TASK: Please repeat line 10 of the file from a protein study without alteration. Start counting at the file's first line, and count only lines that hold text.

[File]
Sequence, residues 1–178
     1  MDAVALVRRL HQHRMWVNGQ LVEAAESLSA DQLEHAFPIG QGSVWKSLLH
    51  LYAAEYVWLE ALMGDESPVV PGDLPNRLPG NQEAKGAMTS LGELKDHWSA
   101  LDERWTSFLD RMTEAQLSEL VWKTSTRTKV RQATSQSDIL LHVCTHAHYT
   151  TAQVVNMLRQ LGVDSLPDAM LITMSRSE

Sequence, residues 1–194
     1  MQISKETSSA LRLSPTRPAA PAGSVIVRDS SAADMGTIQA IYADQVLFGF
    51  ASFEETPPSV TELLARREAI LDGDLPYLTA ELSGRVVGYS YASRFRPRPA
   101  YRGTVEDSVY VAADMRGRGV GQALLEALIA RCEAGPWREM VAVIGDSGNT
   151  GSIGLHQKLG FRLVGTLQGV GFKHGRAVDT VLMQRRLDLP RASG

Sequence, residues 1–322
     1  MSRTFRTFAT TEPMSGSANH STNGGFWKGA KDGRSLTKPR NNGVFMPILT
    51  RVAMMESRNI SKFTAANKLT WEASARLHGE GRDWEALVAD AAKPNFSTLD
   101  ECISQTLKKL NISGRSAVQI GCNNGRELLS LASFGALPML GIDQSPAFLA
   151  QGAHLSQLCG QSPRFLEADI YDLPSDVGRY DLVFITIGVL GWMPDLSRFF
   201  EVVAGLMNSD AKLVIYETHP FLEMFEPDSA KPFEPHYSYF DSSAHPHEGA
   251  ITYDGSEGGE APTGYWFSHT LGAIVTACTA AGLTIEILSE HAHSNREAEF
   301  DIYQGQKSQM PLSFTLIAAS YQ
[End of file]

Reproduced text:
   151  GSIGLHQKLG FRLVGTLQGV GFKHGRAVDT VLMQRRLDLP RASG